Divisional Deja Vu: Five Lessons From the First Installments of This Weekend’s NFL Rematches
Three of this weekend’s divisional-round playoff games are matchups we’ve already seen at least once this season. We went back and watched the first installment of all three to see what lessons might be learned before getting to Round 2.
1. The Panthers and 49ers Can Play Some Defense
This isn’t really news, considering the first meeting was a 10-9 Carolina win, but the Panthers’ performance in that game was somehow more impressive than just giving up single-digit points.
The Niners kicked all three of its field goals in the first half, and although the first one came after a very nice early drive, they needed help from their defense and special teams for the other two. A recovery of a muffed punt and an interception gave San Francisco two short fields, and all it could muster was six points. Carolina allowed just 151 total yards on the day, for an average of 2.9 yards per play. That doesn’t even seem possible.
San Francisco couldn’t manage anything in the air, and Colin Kaepernick had his worst game to date as a pro. Vernon Davis leaving with a concussion halfway through the second quarter certainly didn’t help, and the Niners also missed Michael Crabtree (whom they will have this weekend). But even without both of them, it’s hard to discount the performance Carolina put on. This is one of the most talented and best-coached defenses in football, as evidenced by how ineffective any designed run was for Kaepernick. Choosing one standout play from Greg Hardy in this game wasn’t easy, but with 10:41 left in the third quarter, he managed to simultaneously play both the running back and quarterback on a read-option play that ended with him dragging down Kaepernick for a five-yard loss. Kaepernick made the right call and still got yanked down in the backfield. There’s not much anyone can do about that.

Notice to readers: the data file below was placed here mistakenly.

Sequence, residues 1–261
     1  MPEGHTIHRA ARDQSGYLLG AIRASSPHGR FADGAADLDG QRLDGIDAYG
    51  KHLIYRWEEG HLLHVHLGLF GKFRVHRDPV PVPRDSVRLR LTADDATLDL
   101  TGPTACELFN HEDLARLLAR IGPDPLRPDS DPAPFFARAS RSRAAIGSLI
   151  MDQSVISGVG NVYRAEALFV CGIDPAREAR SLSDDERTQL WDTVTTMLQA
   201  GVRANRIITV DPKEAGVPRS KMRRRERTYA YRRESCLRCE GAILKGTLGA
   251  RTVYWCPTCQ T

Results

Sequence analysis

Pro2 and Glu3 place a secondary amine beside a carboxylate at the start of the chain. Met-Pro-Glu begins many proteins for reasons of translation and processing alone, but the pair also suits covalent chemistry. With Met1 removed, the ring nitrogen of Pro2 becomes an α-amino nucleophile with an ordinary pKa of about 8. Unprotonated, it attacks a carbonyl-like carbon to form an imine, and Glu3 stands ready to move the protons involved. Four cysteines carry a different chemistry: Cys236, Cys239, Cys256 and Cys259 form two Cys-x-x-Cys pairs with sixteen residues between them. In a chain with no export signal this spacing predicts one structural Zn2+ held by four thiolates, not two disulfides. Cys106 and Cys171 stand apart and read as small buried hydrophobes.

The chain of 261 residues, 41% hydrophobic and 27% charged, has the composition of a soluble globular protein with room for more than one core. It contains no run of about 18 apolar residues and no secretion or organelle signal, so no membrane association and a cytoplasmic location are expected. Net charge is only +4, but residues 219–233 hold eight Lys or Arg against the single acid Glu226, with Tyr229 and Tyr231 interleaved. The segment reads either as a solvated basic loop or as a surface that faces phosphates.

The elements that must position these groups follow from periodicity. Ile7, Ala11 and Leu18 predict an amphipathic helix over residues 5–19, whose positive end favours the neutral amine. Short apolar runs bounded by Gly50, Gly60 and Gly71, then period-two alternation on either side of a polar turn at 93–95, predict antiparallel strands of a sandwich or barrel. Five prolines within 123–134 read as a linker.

2. Cam Newton Needs Some Help, Man
San Francisco had its own impressive defensive showing, but Carolina’s struggles were also somewhat self-inflicted. The Panthers dropped at least six passes in this game, and there were plenty of instances where Newton had receivers running open downfield. Steve Smith and Greg Olsen joined usual suspects Tedd Ginn and Brandon LaFell in putting balls on the turf, and Carolina struggled to keep drives moving as a result. Luckily for Ginn, he redeemed himself with a punt return that set up the game-winning field goal.
The play of the day for Carolina came on a beautifully designed run for DeAngelo Williams — the sort of schematic overture that was necessary to produce points in this one. It was one of those plays where all the window dressing means very little and everything at the same time. With Ginn motioning behind Newton into the pistol, it looked like the initial mesh with Williams was the start of a triple-option. But as two Carolina lineman pulled, it was clear that no one was being read. It was a power run from the start, and it was run to perfection. Still, it was one of the only big plays Carolina could manage all game, and right now, with Aldon Smith playing well and the 49ers annihilating opposing running games, it may be even tougher to spark something offensively.